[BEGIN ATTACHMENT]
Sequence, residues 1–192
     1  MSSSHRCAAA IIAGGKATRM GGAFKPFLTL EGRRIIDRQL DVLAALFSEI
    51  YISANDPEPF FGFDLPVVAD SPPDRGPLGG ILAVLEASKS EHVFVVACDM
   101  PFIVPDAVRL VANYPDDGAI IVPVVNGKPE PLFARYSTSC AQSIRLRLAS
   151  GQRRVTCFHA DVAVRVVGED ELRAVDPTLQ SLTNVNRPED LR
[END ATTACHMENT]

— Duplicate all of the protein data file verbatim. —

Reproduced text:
Sequence, residues 1–192
     1  MSSSHRCAAA IIAGGKATRM GGAFKPFLTL EGRRIIDRQL DVLAALFSEI
    51  YISANDPEPF FGFDLPVVAD SPPDRGPLGG ILAVLEASKS EHVFVVACDM
   101  PFIVPDAVRL VANYPDDGAI IVPVVNGKPE PLFARYSTSC AQSIRLRLAS
   151  GQRRVTCFHA DVAVRVVGED ELRAVDPTLQ SLTNVNRPED LR